It will soon be time to vote for one of the candidates for sheriff.
Joe Cortez stands out as the candidate with real experience and proven accountability. Cortez came up through the ranks to the top of his profession as police chief. He brought the Pismo Beach Police Department to the highest accreditation. He is aggressive and works well with personnel as well as the public to get things accomplished.
Cortez will restore public trust with his leadership and with his regard for personal accountability and public safety.
Regarding Michael Truxaw’s letter to the editor titled, “Not inspired” (Sept. 14):
Years ago, I found myself having the exact same feelings toward our political system that Truxaw is having. As a lifelong Democrat, I was conflicted over my philosophies and the choices of the two-party system. The closer I looked, the worse things appeared.
But this scrutiny also led me to the Green Party. When comparing party platforms, I found myself much more closely aligned with the values of the Greens than either of the other two parties. While it’s true that I’ll probably never live to see the day when a member of the Green Party holds a high-level office, in the meantime I can vote my conscience knowing that I’m trying to effect some real “changes.”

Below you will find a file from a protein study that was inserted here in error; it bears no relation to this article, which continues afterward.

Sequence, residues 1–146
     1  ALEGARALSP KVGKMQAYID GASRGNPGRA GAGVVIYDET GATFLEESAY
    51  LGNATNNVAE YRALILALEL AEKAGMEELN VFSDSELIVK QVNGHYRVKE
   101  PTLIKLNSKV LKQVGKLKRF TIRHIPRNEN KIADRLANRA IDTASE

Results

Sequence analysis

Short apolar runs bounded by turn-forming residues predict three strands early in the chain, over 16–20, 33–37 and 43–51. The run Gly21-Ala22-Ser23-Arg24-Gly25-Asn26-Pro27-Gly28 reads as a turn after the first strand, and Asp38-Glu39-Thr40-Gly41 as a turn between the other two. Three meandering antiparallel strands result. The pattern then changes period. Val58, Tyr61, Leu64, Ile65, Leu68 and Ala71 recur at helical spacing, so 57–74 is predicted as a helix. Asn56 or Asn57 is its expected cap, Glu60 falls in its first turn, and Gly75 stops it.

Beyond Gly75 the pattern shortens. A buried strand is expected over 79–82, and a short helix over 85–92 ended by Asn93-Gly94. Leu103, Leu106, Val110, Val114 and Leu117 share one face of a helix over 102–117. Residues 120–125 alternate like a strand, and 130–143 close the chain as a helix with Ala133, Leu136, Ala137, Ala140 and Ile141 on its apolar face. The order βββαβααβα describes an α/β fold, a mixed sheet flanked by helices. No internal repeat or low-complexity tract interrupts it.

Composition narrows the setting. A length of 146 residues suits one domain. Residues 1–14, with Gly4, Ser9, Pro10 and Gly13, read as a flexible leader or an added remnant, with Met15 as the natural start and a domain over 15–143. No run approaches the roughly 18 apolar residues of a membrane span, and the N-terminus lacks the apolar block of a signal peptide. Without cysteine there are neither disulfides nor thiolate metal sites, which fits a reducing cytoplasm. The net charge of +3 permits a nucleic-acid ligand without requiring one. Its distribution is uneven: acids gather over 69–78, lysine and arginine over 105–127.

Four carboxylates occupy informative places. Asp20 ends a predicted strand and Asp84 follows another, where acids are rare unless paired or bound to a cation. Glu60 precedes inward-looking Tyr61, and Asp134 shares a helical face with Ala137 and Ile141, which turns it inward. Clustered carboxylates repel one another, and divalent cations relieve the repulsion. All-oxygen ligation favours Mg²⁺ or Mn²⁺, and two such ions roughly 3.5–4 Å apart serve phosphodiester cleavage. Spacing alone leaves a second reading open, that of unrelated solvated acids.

I’m well aware of the “spoiler” effect a third party can have on closely contested elections (George Bush versus Al Gore, etc.), but at those times, it’s easy to sacrifice ideals for more pragmatic choices.
I urge you to take a look at the Green Party platform and consider what they represent.
San Luis Obispo
Get out and vote
Regarding Bob Brig-ham’s letter to the editor (“A tidy solution,” Sept. 30): It’s a noble idea. The only problem is that we have a state and local government body that doesn’t work. In other words, they don’t do the work they are getting paid to do.
I, for one, like to see a state budget before elections, but that isn’t going to happen. I agree with one thing Meg Whitman said: don’t pay the legislators until they pass the budget.
As for our Paso Robles City Council hiring the law firm that represented the city of Bell, what where they thinking? If they don’t fix the problems now, they will linger for a long, long time to come.
I met Mayor Duane Picanco last week while he was out going door to door and we talked for a good half hour about how money could be made for Paso Robles. I expressed some ideas, and he agreed some were good ones. He seems competent enough, but as any politician, he’ll say anything to get elected.
Wishful thinking won’t fix any of this state’s woes, but getting out and voting will help a lot.
Raymond C. Porter